Another possibility is energy conservation. Eyes are costly to build and maintain, so disposing of them in this energy-poor environment seems a sensible option. This however doesn’t fit the facts. Eye cups are present in day-old embryos. By day two, the lens cells are beginning to grow and divide, but in these cave fish a process of deliberate ‘cell death’ destroys them as they arise. This strategy seems neither neutral nor particularly economic.
So what is really driving the evolution of these pale, sightless and sleepless fish? Genetic studies are providing some alternative answers that shine light into how evolution really works.
Why do cave fish kill off their own eyes?
The PAX gene plays a key role in the development of eyes in vertebrate embryos. PAX6 action is reduced by increases in the activity of another gene, called HEDGEHOG whichdefines boundaries between cell types and promotes development of the fish’s lateral line, jaws, teeth and taste buds. HEDGEHOG is more active in cave fish embryos than in their sighted sister species, causing the lateral line cell zone and the jaw to expand. As it does so, this also switches off PAX6 and halts eye development.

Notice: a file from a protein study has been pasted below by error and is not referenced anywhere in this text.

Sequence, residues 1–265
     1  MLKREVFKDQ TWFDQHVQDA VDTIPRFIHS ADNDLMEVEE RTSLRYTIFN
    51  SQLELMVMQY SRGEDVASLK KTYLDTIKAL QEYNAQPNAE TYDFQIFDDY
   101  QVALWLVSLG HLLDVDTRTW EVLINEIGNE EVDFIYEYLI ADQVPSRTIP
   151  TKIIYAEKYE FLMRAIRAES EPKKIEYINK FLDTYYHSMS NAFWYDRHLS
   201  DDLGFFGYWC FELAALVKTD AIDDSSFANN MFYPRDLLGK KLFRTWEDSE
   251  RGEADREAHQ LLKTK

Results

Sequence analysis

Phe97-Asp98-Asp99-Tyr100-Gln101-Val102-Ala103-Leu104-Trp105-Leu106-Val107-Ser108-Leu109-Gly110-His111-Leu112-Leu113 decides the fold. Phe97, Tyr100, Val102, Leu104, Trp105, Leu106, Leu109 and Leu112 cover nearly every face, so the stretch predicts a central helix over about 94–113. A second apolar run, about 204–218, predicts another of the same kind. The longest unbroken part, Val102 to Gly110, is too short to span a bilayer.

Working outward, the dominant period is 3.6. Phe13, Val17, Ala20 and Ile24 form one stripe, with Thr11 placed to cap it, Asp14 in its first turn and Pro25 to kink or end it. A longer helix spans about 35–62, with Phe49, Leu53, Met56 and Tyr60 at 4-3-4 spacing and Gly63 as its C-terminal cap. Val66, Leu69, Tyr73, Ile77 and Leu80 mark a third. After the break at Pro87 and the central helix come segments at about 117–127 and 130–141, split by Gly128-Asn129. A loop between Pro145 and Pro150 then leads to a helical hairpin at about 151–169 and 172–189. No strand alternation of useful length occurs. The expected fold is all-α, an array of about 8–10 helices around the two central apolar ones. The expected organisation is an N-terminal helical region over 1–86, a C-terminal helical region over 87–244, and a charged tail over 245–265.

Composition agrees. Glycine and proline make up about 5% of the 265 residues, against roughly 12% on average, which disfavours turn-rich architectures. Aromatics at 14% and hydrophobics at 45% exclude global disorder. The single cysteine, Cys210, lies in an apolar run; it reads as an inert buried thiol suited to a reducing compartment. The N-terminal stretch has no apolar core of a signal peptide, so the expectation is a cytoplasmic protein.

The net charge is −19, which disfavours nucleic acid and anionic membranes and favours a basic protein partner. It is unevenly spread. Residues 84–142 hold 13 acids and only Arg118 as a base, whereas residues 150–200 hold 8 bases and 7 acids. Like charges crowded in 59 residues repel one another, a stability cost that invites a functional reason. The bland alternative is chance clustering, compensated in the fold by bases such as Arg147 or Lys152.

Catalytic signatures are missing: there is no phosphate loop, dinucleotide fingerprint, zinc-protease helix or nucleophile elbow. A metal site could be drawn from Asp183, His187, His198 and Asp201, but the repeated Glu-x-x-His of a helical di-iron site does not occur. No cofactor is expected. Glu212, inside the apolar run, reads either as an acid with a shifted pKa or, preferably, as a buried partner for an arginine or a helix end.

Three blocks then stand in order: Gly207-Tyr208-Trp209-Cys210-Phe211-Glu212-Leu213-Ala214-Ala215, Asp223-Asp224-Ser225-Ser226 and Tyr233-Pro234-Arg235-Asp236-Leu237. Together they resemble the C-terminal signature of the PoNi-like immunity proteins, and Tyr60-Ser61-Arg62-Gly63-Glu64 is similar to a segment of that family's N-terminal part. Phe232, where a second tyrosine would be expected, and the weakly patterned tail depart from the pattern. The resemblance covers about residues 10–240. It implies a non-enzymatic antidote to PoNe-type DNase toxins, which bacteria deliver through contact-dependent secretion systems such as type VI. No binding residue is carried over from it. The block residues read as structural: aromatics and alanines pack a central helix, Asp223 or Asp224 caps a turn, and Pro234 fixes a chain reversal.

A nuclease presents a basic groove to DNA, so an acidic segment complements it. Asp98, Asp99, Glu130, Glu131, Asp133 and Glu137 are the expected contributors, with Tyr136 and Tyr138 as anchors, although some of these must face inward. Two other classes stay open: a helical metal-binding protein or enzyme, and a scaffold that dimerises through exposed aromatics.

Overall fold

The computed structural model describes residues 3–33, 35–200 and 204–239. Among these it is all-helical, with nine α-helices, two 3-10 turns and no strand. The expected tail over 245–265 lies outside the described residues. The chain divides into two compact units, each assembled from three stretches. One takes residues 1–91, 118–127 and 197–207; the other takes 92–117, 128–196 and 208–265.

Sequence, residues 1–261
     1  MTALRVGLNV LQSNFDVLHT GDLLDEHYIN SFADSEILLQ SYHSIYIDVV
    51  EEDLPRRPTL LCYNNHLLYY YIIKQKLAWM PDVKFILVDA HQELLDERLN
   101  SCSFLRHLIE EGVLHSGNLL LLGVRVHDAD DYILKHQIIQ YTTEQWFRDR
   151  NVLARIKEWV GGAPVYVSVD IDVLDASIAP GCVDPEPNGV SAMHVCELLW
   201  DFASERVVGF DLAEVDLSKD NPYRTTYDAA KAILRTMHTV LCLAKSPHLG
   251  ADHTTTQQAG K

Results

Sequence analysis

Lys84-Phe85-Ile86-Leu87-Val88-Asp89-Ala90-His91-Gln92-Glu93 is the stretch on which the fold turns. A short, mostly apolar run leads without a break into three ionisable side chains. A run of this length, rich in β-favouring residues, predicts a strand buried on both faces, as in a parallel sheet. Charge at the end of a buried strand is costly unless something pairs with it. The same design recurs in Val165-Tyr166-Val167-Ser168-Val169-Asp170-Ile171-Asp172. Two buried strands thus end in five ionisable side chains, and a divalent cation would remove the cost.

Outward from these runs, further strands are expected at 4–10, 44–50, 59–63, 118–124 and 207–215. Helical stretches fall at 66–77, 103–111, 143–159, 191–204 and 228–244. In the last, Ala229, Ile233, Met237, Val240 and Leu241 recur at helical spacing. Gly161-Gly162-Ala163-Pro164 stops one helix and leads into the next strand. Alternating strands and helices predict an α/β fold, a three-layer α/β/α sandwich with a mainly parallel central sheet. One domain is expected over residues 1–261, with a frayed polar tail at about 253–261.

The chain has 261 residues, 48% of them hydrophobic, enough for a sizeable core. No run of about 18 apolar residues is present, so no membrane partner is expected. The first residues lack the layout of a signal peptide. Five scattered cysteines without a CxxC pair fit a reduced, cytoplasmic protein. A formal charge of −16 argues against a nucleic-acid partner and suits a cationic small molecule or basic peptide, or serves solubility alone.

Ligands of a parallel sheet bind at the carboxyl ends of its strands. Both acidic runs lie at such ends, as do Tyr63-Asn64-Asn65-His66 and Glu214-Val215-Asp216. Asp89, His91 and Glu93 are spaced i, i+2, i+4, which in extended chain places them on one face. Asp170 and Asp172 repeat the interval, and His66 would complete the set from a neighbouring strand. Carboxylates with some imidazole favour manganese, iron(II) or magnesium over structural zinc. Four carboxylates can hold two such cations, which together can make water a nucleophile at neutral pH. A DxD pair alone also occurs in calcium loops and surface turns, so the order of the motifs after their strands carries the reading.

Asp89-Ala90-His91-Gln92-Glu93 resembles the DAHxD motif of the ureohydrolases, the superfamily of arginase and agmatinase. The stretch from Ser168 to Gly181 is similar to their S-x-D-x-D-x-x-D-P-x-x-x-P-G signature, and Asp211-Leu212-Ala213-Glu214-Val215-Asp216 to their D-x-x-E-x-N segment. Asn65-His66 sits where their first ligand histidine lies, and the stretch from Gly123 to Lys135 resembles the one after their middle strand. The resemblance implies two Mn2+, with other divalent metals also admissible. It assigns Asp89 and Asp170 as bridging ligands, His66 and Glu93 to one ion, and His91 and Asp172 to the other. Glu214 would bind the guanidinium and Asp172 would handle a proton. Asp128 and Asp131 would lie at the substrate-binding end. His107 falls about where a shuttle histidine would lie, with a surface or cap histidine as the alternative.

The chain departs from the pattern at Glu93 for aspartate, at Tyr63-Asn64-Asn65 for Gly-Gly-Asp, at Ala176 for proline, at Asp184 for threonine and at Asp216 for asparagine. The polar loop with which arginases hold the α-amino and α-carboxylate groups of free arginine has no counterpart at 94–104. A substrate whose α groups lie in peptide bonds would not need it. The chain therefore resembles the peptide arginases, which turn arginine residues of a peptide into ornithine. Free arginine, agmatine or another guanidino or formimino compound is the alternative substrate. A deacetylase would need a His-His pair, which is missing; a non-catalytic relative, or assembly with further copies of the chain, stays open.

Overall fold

This trade-off between ‘touch and taste’ versus ‘sight’ enhances the very senses that the cave fish needs in its ever-dark world. Eye shrinkage, which reduces the energy budget, is a secondary effect of selection for these other senses. This subtle change in the key interaction of two developmental genes at a critical stage can radically alter a gene’s effect and the body which results.
What does enhanced touch sensitivity provide for these fish?
Try stroking your eyebrow against the direction of hair growth. Now stroke your forehead. Which feels like a stronger movement?
Hairs in our skin enable us to be more sensitive to touch. The Mexican blind cave fish have a lateral line systemlike all fish. All lateral line systems use tiny hair cells to detect changes in water movement, but in these cave dwellers it is unusually sensitive.